Editorially Independent Content

The Diopsys Visual Evoked Potential (VEP) and the Diopsys Pattern Electroretinography (ERG), which are modules of the Diopsys’ NOVA suite of vision tests, help me make clinical decisions and diagnose visual disorders and disease sooner. For patients with early glaucoma, ocular hypertension, drug toxicity such as Plaquenil, or other conditions, the pattern ERG and VEP modules can detect a disorder or disease earlier so referrals and treatment can be given sooner. In borderline cases, this can hopefully prevent vision loss.   

While insurance reimbursements for many diagnostic tests are being cut, the Diopsys is one test that Medicare and commercial insurers actually reimburse us for, in the range of $180 to $200 for a bilateral VEP or pattern ERG. So the best thing about the Diopsys is that this test is helping me make clinical decisions, and I can actually get paid for helping my patients.

Our primary reason for obtaining this technology is to catch diseases earlier. For our patients who are early glaucoma, glaucoma suspect, or who have ocular hypertension, we do visual fields and OCT of the optic nerves. And when there is damage on those, there is already ganglion cell death, and that’s not good for the patient.

So the pattern ERG and VEP pick up damage while the cells are still suffering so I’m able to treat these patient much earlier, when I’m in those borderline states, to hopefully prevent vision loss.

In the end, I’ve been able to use the Diopsys technology for a lot of other conditions, including early age-related macular degeneration or epiretinal membrane, and again in those borderline cases, it helps make the difference.

I’ve actually caught two cases of Plaquenil toxicity—cases I would never have caught—and saved the eyesight of these two patients.  Color vision testing, visual field testing, OCT of the macula, they were normal. But with pattern ERG testing, they actually had damage on their low contrast testing and I was able to inform their rheumatologist that they should probably change medications before the cells died resulting in permanent damage.

I also use the Diopsys in early diabetic retinopathy, nonproliferative diabetic retinopathy, where OCT of the macula is normal and they’re seeing fairly well. Since there is no clinically significant macular edema yet, I don’t know if they’re at risk until I refer them to the retinal specialist for treatment. When the pattern ERG shows damage or suggests there might be damage, then I know they need to get that referral earlier.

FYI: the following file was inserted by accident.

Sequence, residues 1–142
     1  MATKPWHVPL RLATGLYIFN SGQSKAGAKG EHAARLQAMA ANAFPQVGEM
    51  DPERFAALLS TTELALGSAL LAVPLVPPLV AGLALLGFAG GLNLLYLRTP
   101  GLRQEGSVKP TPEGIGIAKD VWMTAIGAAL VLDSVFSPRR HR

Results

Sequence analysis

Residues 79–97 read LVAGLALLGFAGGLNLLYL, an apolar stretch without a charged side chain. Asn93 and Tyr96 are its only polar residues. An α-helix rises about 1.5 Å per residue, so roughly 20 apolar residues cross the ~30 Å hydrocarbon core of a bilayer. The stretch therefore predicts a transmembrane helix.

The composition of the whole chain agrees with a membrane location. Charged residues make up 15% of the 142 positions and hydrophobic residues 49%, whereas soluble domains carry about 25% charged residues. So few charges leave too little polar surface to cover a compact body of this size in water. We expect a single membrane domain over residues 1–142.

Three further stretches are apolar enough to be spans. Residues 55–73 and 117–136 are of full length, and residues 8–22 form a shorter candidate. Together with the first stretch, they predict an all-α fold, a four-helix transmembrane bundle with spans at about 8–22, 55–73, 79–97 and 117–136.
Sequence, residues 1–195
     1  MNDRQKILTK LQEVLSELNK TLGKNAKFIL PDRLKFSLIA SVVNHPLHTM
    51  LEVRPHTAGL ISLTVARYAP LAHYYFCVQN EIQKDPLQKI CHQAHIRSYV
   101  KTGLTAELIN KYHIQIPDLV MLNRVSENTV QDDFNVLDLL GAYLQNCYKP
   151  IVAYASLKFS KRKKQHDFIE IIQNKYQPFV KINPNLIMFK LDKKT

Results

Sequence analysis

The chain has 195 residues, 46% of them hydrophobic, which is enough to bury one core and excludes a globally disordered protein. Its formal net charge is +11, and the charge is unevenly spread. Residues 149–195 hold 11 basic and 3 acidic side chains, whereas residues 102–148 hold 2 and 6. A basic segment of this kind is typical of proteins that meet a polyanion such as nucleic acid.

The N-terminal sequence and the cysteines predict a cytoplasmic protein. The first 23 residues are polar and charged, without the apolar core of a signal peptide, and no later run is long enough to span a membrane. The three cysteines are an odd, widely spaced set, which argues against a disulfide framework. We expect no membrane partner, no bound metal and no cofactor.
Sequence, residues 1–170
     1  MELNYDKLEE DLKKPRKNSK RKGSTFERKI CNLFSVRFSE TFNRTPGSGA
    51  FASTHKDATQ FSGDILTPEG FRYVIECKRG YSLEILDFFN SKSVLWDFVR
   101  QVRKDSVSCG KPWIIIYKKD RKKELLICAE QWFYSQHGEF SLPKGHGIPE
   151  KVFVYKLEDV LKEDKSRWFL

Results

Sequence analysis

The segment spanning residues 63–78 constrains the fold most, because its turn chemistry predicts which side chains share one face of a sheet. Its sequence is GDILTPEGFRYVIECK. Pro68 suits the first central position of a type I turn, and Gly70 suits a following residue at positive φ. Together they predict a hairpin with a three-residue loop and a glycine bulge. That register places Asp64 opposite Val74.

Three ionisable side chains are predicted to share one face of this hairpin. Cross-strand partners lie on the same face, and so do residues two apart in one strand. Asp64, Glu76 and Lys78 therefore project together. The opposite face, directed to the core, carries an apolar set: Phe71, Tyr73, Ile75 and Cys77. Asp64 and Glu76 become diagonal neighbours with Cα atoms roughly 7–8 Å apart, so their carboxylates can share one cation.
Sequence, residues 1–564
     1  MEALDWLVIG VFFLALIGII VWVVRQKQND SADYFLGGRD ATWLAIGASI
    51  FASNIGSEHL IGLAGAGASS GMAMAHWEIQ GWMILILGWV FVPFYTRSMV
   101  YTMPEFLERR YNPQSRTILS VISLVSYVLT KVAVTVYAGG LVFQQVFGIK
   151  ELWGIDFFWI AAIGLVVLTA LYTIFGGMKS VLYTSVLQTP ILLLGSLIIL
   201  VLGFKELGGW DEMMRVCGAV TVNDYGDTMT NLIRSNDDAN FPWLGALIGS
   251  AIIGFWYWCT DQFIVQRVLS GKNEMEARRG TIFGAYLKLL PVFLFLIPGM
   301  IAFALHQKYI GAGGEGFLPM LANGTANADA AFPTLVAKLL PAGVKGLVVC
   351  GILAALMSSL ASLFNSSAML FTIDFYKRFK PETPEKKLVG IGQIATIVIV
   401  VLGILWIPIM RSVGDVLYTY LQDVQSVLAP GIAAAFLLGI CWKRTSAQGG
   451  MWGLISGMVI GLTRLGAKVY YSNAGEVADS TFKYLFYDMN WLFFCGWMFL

On the pattern ERG, there’s a concentric stimulus and a diffuse contrast setting for different conditions. The focal concentric is more for macular degeneration and drug toxicity like Plaquenil and the diffuse contrast is more for conditions like diabetic retinopathy and any of the glaucomas.

The Visual Evoked Potential module is more for any disease process pre-optic nerve as well as at the optic nerve. So you can also use the VEP in your analysis for glaucoma patients and anything that might be affecting the visual pathway before it hits the optic nerve. In multiple sclerosis patients, I always obtain a baseline VEP so I can decipher if any future optic neuritis event has affected visual function from baseline. It’s also been especially helpful in evaluating patients who are not verbal, or patients who are malingerers, to detect and treat their problems.

If you need to figure out where the problem is, the VEP might decipher if there is something along the visual pathway if everything in the retina and the optic nerve is normal. In other words, it can really help you distinguish in a diagnostic way where visual field testing or OCT of the optic nerve, or OCT of the macula is normal. We’ve found a couple of brain tumors with this technology where the visual field testing was normal. So it’s already impacting a lot of patients in my practice that I would probably have missed without this technology.

While the Diopsys system has wheels that enable it to be moved from room to room within an office when space is needed, it’s not designed to be moved from one office location to another. That’s because the technology could get damaged in a car or truck or other mode of transportation without proper packaging.

Initially, there are some challenges to the set-up of the Diopsys system. As long as you prepare properly, it will connect to your EHR. Just make sure you have a port to plug it into where you intend to put the unit so that your implementation is not delayed. You should also put it a dark, quiet room dedicated to this type of diagnostic testing. But with proper planning, the transition should be very smooth.

Testing with the Diopsys takes at most 10 minutes because the technician has to put a little disposable strip under the patient’s bottom eyelid. The strip doesn’t touch the eye at all, and it’s the only disposable supply you might have to replace down the road. It’s fairly inexpensive once you’ve bought the machine with the only cost is replacing these disposable electrode strips based on usage

I would highly recommend the Diopsys system to my colleagues. I wish I knew about it sooner. It’s really electrophysiology as a diagnostic tool, and while it can seem a little overwhelming at first, they’ve made it really simple.

There’s a new module coming out called Flicker ERG that might help determine if taking out the patient’s cataract will help when there is more than one pathology present such as an ERM or early AMD changes. So I can’t wait for that module and I highly recommend this to my colleagues.